Saturday, March 27, 2010
Health Care--'Bet It's Constitutional!
The subject of the new HealthCare reform came up in conversation and various opinions were offered including the observation by my friend, the famous OurTown attorney--who observed that he and a mutual lawyer friend were separately, talking about the eventual Supreme Court decision that he and our mutual friend concluded would result in the declaration of the reform as unconstituional.
As you know, the Bad Lawyer blawg rarely weighs in with opinions on the big stories and debates, because, frankly, smarter and more expert people than moi carry that ball. And this is a forum for a dirt bag guy with 28 years of experience and no current law license to expound on what he thinks is interesting. But I listen to a lot of folks, who are all over the place on this subject and I do have my opinions .
For a long time, I've wondered why in this country only a few people pay for health care. In fact only a few people pay for all the health care. Those people fall into two categories, people with health insurance and people without health inusrance who can pay the undiscounted full price (usually against their will.) In the first category you have people with health insurance through their jobs or who are lucky enough to be able to afford health insurance. In the latter category you have people who are poor but not poor enough to be uncollectable--so health care providers can sock these folks with the full boat payment, plus interest and the costs of collecting the full amount from them. You see, in this country health care is fully paid for by somebody, and that somebody is you and my health insurance carrier. Those who can't pay get health insurance and we subsidize them by paying more. Now it's getting too expensive for many of us.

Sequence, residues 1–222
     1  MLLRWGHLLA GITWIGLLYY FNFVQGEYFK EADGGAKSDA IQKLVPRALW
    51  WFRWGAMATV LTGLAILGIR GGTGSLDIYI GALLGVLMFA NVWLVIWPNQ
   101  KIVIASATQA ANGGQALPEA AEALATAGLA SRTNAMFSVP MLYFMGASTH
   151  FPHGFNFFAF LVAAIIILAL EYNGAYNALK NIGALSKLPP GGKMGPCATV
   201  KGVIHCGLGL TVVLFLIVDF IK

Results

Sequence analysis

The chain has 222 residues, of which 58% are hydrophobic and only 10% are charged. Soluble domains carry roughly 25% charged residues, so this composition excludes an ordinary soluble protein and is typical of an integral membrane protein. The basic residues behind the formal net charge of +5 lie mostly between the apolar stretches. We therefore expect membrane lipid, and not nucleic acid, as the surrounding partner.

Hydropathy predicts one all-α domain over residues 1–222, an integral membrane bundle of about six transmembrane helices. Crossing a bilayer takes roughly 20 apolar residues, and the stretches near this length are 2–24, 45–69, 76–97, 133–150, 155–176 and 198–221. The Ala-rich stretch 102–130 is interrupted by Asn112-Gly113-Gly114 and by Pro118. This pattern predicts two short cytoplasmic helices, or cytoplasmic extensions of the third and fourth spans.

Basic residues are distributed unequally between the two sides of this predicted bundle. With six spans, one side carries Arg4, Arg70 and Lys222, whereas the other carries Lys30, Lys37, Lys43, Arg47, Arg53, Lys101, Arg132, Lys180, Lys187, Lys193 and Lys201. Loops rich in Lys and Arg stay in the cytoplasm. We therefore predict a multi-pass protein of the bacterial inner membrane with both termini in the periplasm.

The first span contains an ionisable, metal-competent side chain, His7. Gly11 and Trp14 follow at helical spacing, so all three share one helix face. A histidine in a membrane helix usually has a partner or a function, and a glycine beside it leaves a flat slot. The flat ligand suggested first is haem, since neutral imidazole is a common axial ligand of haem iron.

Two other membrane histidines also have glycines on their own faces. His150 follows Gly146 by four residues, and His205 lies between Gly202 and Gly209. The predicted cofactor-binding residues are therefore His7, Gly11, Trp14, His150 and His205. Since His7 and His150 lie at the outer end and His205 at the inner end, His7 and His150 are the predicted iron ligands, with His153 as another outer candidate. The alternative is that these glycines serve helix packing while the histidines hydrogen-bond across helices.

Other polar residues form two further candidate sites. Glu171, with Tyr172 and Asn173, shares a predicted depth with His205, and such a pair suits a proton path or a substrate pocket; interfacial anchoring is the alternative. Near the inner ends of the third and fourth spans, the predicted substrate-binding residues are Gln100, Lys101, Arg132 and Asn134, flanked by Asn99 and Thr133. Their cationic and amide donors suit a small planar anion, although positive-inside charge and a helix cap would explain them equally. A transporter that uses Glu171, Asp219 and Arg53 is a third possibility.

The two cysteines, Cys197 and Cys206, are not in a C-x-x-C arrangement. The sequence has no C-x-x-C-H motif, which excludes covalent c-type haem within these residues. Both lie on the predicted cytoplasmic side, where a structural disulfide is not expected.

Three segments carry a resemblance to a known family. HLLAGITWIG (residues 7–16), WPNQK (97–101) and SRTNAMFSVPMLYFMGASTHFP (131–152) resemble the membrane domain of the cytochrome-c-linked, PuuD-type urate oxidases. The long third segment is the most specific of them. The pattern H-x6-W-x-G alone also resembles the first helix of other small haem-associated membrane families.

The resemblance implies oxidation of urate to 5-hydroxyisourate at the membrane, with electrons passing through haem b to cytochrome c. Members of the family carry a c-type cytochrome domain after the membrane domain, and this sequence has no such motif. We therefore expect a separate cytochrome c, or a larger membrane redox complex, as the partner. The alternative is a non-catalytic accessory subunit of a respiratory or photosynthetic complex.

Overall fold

So the solution--mmmmm, I'm not real smart, but isn't it that we all participate in paying for what we all receive?
So my friend suggested last night that there were constitutional infirmities to an individual mandate to buy health insurance coverage. Why? I pointed out that we all are mandated to "buy social security," or opt out through some recognized alternative like teacher's retirement, PERS, and so forth; but, my super smart friend said well that's a tax. Well it's only a tax if you aren't doing one of the recognized alternatives--you are required to do something--it ain't voluntary. But the argument was Congress can not enact a law requiring you to buy health insurance.
As I say, Congress and our state legislators enact all kinds of laws requiring us to do this or that--but you do not have to be a constitutional scholar to know that in fact the Constitution in Article I, Section 8 grants Congress the power to tax, impose financial obligations of all sorts to provide for the common defense and general welfare of the United States. And in this regard the same Article of the Constitution enables Congress to regulate commerce among the states (ahem, insurance companies), and to make all laws necessary and proper for carry out the enumerated purposes of Article I.
Hear me out, I am no constitutional scholar, and I am not engaging in any sophisticated discussion of the nuances of the the case law or legal arguments, now or ever; but this is not case law, this is not an "amendment," this is not a regulation--this my friends is the body of the US Constitution. So when your friends shoot their mouths off about this or that right being taken away by Obamacare, you can ask them: Have you ever really read the US Constitution? Uh, the body of it?
Good luck, there's no reasoning with a lot of people, frankly what's going on right now--isn't at all about reason.